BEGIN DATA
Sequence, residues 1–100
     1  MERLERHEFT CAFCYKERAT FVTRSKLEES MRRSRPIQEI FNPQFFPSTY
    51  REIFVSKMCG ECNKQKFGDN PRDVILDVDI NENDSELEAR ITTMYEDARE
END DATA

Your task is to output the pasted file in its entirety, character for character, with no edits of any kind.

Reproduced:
Sequence, residues 1–100
     1  MERLERHEFT CAFCYKERAT FVTRSKLEES MRRSRPIQEI FNPQFFPSTY
    51  REIFVSKMCG ECNKQKFGDN PRDVILDVDI NENDSELEAR ITTMYEDARE